Jesus did not come and seek the Pharisee’s approval.  He did not revere them.  In fact, it could be said that Jesus came against them and showed how they were wrong.  From a human standpoint, we can see why the Pharisees didn’t like Jesus because He did not play by their rules.  Matthew is written to a Jewish perspective.  He quotes the Old Testament more than any other Gospel.  He told the perspective of how Jesus fulfilled the Old Testament and shows how mankind was doing it wrong and missed the heart or intent of the Law.  Matthew’s perspective helps us see what God intended and how mankind had twisted things up.

Another key point for us to realize is that man seeks to understand God which is impossible for our finite brains.  God cannot be put in a “box” or completely understood.  His ways are higher than our ways.  He is too lofty for us to comprehend, yet we still try to do this.  God reminds us, especially me, how we (I) do this when I expect God to act a certain way.  I get upset when God does not do as I think that He should.  When God does not heal a person the way that we want or expect, we get upset and angry at Him.  When things happen that go against our desires, we blame God.  For some reason, we do exactly as the Pharisees did.  Some of us get so angry with God that we quit following Him, obeying Him, serving Him, and believing in Him.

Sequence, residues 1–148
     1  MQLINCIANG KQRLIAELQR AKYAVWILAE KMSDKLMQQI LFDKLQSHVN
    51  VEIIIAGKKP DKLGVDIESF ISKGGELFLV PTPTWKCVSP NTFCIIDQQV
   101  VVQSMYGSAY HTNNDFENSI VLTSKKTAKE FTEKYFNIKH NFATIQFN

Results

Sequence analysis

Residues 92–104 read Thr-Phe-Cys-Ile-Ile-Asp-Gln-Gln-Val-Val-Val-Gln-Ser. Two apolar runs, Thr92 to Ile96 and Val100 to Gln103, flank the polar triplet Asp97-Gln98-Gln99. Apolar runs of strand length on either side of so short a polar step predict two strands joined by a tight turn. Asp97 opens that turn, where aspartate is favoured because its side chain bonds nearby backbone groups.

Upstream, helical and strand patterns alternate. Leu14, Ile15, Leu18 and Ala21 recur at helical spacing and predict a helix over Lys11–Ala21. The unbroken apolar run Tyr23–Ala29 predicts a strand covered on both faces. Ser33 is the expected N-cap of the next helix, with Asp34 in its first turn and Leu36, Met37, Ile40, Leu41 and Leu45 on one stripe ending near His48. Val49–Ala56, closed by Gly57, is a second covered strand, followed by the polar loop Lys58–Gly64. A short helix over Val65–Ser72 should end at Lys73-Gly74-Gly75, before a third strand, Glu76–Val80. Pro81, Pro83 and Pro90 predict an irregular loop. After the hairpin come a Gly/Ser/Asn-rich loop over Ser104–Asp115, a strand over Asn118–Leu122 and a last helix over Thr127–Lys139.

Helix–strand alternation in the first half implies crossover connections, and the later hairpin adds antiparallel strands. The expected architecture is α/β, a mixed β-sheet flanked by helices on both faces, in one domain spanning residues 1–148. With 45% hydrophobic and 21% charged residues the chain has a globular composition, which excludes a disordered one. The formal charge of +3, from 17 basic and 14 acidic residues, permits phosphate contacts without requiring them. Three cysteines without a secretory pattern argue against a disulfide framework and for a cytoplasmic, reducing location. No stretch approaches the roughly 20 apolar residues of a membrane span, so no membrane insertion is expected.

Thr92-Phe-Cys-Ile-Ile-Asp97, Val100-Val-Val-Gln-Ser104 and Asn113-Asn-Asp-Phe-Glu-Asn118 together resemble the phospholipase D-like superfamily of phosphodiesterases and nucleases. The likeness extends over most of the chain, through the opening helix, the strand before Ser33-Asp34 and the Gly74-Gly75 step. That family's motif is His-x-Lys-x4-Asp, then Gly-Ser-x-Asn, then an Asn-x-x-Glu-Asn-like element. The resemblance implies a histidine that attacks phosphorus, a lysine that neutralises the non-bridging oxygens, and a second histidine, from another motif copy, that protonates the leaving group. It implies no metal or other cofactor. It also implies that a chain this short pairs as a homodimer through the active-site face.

From my experience with agnostics or atheists, the reason that they do not believe in God is due to something happening when God did not “perform a miracle”, do as they expected, or something evil happened, suffering occurred, and God did not stop it as they think that He should.  In some of my darkest times spiritually, that is what happened in my life.  God did not keep me from _______________.  God did not heal as I had been praying. 

I am reminded from chapters like Matthew 12 that we can easily act the same as the Pharisees if we do not learn from their mistakes.  We can miss what God does entirely if we “keep God in His box” so that we might understand Him.  We can become religious like the Pharisees so we can be in control and miss something God does entirely if we are not careful.

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Matthew chapter 13

JULY 17, 2020

Scripture:  Matthew 13
Author:  Jeremy Witt